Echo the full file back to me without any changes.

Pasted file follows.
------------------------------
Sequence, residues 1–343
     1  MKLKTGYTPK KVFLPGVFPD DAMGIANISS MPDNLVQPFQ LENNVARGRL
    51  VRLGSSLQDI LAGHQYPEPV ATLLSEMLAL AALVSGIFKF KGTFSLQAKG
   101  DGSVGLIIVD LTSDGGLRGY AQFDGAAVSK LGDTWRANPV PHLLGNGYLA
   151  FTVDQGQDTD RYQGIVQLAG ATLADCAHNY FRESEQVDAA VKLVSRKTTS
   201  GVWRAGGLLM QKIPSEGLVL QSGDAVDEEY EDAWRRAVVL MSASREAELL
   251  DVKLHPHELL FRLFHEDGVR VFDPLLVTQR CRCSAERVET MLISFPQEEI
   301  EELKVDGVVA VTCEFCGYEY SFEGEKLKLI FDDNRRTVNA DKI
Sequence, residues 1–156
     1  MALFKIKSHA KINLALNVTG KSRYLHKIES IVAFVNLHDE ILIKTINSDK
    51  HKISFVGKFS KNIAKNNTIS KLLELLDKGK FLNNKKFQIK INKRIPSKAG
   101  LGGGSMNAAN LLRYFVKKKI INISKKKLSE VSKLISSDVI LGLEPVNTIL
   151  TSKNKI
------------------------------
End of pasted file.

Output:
Sequence, residues 1–343
     1  MKLKTGYTPK KVFLPGVFPD DAMGIANISS MPDNLVQPFQ LENNVARGRL
    51  VRLGSSLQDI LAGHQYPEPV ATLLSEMLAL AALVSGIFKF KGTFSLQAKG
   101  DGSVGLIIVD LTSDGGLRGY AQFDGAAVSK LGDTWRANPV PHLLGNGYLA
   151  FTVDQGQDTD RYQGIVQLAG ATLADCAHNY FRESEQVDAA VKLVSRKTTS
   201  GVWRAGGLLM QKIPSEGLVL QSGDAVDEEY EDAWRRAVVL MSASREAELL
   251  DVKLHPHELL FRLFHEDGVR VFDPLLVTQR CRCSAERVET MLISFPQEEI
   301  EELKVDGVVA VTCEFCGYEY SFEGEKLKLI FDDNRRTVNA DKI
Sequence, residues 1–156
     1  MALFKIKSHA KINLALNVTG KSRYLHKIES IVAFVNLHDE ILIKTINSDK
    51  HKISFVGKFS KNIAKNNTIS KLLELLDKGK FLNNKKFQIK INKRIPSKAG
   101  LGGGSMNAAN LLRYFVKKKI INISKKKLSE VSKLISSDVI LGLEPVNTIL
   151  TSKNKI